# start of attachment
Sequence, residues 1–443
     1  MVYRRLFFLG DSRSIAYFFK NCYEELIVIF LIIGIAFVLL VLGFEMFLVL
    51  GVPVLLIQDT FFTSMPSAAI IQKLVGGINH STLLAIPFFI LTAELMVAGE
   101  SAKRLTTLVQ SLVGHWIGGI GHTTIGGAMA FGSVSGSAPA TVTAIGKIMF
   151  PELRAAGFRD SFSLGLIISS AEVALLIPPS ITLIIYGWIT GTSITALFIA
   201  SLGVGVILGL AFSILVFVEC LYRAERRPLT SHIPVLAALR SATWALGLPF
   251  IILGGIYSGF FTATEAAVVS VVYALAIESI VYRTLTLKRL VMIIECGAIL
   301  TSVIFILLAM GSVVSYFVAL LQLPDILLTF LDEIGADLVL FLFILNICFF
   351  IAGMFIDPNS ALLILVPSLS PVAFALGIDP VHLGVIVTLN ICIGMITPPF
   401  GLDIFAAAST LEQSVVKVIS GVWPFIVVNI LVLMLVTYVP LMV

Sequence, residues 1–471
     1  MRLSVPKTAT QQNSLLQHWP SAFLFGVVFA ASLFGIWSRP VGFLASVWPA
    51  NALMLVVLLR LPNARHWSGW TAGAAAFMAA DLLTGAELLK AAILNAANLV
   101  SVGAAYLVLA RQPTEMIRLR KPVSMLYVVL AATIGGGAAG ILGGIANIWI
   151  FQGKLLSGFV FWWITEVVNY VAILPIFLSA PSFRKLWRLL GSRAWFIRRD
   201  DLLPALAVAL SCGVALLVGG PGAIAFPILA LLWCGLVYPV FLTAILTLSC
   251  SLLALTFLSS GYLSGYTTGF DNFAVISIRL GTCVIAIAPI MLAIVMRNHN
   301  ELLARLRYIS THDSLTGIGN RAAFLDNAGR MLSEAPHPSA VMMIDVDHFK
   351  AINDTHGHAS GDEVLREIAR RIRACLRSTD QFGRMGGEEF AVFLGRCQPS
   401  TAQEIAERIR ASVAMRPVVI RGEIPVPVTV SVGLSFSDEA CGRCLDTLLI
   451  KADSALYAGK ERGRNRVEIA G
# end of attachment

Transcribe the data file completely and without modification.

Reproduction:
Sequence, residues 1–443
     1  MVYRRLFFLG DSRSIAYFFK NCYEELIVIF LIIGIAFVLL VLGFEMFLVL
    51  GVPVLLIQDT FFTSMPSAAI IQKLVGGINH STLLAIPFFI LTAELMVAGE
   101  SAKRLTTLVQ SLVGHWIGGI GHTTIGGAMA FGSVSGSAPA TVTAIGKIMF
   151  PELRAAGFRD SFSLGLIISS AEVALLIPPS ITLIIYGWIT GTSITALFIA
   201  SLGVGVILGL AFSILVFVEC LYRAERRPLT SHIPVLAALR SATWALGLPF
   251  IILGGIYSGF FTATEAAVVS VVYALAIESI VYRTLTLKRL VMIIECGAIL
   301  TSVIFILLAM GSVVSYFVAL LQLPDILLTF LDEIGADLVL FLFILNICFF
   351  IAGMFIDPNS ALLILVPSLS PVAFALGIDP VHLGVIVTLN ICIGMITPPF
   401  GLDIFAAAST LEQSVVKVIS GVWPFIVVNI LVLMLVTYVP LMV

Sequence, residues 1–471
     1  MRLSVPKTAT QQNSLLQHWP SAFLFGVVFA ASLFGIWSRP VGFLASVWPA
    51  NALMLVVLLR LPNARHWSGW TAGAAAFMAA DLLTGAELLK AAILNAANLV
   101  SVGAAYLVLA RQPTEMIRLR KPVSMLYVVL AATIGGGAAG ILGGIANIWI
   151  FQGKLLSGFV FWWITEVVNY VAILPIFLSA PSFRKLWRLL GSRAWFIRRD
   201  DLLPALAVAL SCGVALLVGG PGAIAFPILA LLWCGLVYPV FLTAILTLSC
   251  SLLALTFLSS GYLSGYTTGF DNFAVISIRL GTCVIAIAPI MLAIVMRNHN
   301  ELLARLRYIS THDSLTGIGN RAAFLDNAGR MLSEAPHPSA VMMIDVDHFK
   351  AINDTHGHAS GDEVLREIAR RIRACLRSTD QFGRMGGEEF AVFLGRCQPS
   401  TAQEIAERIR ASVAMRPVVI RGEIPVPVTV SVGLSFSDEA CGRCLDTLLI
   451  KADSALYAGK ERGRNRVEIA G